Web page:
6. The rookies have been brainwashed
OK, OK, maybe they haven’t been brainwashed but it certainly seems like the rookies got a stern talking-to from O’Brien before they ever got a chance to meet with the media in Houston.

In his first meeting with Houston media since his day-after-the-draft press conference, Clowney said the word “playbook” 14 times in 5 ½ minutes during an interview during the rookie camp.

The main points the rookies have presumably been told to hit are: learning the playbook, being good teammates, working hard and being coachable.

We should make grids with those clichés and play bingo every time a rookie talks.

7. Versatility is key
O’Brien doesn’t just want his players to know their position; he wants them to know all their teammates’ positions and assignments too. First, it helps to understand what the offense or defense is trying to do as a whole.

Second, he might ask his players to do something else.

He wants Clowney to be able to play defensive line. He wants Brooks Reed to be able to play inside and outside linebacker. He wants Kareem Jackson to play slot and outside corner. He wants Xavier Su’a-Filo to play guard and tackle. He wants Arian Foster to be a running back and line up as a wide receiver.

Doing one thing isn’t good enough anymore.

“I think every position, with the exception of quarterback, punter, place kicker, long snapper are fluid,” O’Brien said. “They have to be able to play multiple roles. This is way in the future here, but when you can only have 46 guys on a game-day roster, the phrase ‘the more you can do’ is a really important phrase.”

8. Foster looks just fine
Foster needed back surgery last year, which ended his 2013 season early. But he looks pretty healthy so far heading into 2014. Sure, the team isn’t hitting yet but there don’t seem to be any lingering effects from last year’s injury and surgery.

Foster actually missed most of the spring practices with a calf injury. From there, he hurt his back before eventually being able to play the beginning of the season.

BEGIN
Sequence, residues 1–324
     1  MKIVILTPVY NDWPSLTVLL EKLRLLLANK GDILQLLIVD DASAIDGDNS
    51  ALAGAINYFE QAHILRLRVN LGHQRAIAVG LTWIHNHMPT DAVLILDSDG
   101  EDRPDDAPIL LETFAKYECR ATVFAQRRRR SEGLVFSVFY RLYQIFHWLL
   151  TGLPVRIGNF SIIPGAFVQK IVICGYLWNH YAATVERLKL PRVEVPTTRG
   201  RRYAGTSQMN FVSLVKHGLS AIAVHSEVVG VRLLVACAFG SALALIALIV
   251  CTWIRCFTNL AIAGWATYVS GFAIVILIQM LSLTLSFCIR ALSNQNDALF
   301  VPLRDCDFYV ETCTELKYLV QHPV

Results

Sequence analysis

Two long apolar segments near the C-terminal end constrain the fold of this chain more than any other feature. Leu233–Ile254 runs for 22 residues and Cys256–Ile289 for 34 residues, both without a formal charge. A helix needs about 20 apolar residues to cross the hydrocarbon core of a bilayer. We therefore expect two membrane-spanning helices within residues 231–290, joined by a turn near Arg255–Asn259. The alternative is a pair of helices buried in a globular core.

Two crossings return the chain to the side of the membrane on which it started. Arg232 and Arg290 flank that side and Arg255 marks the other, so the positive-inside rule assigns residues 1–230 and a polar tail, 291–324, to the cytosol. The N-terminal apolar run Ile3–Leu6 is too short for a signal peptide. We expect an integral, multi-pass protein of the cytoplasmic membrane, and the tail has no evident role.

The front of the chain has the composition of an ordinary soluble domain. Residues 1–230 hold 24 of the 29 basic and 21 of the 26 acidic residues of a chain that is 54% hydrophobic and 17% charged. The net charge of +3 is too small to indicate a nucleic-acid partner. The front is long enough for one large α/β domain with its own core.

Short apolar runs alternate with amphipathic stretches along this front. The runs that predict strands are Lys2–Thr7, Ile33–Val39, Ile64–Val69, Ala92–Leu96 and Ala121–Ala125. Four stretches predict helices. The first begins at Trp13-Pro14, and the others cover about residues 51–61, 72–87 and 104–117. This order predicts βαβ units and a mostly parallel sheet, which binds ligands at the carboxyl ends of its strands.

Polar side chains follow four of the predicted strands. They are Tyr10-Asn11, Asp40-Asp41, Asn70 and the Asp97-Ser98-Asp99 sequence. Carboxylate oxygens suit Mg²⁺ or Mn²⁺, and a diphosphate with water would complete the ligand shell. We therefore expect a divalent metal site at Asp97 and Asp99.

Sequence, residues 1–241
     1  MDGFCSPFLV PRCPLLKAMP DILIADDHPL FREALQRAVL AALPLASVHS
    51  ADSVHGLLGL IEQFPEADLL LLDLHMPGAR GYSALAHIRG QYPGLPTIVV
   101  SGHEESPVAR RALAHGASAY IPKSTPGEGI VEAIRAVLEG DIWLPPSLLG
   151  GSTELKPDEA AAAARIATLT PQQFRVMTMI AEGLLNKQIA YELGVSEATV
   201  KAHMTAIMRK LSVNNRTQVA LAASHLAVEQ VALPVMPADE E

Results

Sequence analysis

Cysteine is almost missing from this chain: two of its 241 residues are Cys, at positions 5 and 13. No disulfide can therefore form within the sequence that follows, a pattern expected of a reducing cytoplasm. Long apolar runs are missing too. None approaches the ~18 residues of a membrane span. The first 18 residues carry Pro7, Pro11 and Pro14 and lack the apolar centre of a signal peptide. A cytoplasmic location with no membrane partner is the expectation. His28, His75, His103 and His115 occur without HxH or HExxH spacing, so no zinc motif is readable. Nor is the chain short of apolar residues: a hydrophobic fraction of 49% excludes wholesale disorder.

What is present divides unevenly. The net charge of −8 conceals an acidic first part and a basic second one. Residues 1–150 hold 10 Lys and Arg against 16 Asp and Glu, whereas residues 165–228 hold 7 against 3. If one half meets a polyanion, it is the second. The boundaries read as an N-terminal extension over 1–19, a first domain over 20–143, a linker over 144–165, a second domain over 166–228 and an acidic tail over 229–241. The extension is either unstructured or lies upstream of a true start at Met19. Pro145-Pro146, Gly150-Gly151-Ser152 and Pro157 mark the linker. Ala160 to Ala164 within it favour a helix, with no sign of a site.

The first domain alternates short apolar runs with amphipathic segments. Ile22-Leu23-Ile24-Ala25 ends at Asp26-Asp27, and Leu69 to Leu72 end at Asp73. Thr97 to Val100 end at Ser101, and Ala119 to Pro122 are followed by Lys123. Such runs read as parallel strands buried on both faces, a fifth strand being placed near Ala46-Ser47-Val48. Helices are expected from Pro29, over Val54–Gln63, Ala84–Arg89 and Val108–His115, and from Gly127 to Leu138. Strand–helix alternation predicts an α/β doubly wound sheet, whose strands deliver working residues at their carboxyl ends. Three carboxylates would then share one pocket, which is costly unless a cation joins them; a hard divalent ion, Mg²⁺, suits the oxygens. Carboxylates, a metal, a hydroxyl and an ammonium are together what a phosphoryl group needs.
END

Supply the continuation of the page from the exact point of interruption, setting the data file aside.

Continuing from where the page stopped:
Aside from an appearance at a grand opening of a bowling alley and an appearance at a local premier for his own movie, Foster hasn’t talked to media in Houston this offseason. He turned down repeated requests, through the team’s PR department, throughout the veteran minicamp, OTAs and the mandatory minicamp.

9. The Texans are speeding up
Expect the Texans to move much quicker on offense this year. They have already started to speed up their practices in the spring. But it’s not just about speeding up; the team also wants to vary its tempo.

“It is really important,” O’Brien said. “It is important for us to be able to control the tempo of the game.” It is also important for our defense to be able to communicate against offenses that play fast. So, the speed in which we do things will be really, really important in training camp. We’ve introduced a lot of different tempos to our team in the spring here, but again, training camp will be the true test for that.”

10. The team is rallying around Quessenberry
The coolest moment of the spring happened on the last day of the mandatory minicamp. David Quessenbery, who was recently diagnosed with lymphoma, showed up to practice.

He waited until the rest of his teammates were working before walking over the bridge over Kirby and onto the fields like he did a few weeks ago as a player. The coolest part about his visit was watching his teammates see him one-by-one. Shane Lechler and Jon Weeks were off to the side and saw him first, then O’Brien spotted him and scurried over.

His teammates seemed legitimately touched by the visit.

“It makes our day look easy,” said Ben Jones about Quessenberry’s declaration that he’s going to kick cancer’s butt and be back with his team again.

Sometimes there are situations like Quessenberry’s that put plays and practice and football and the NFL on the back burner. It gives everyone – players, coaches, fans, media – some much-needed perspective.

Kick cancer’s butt, Q.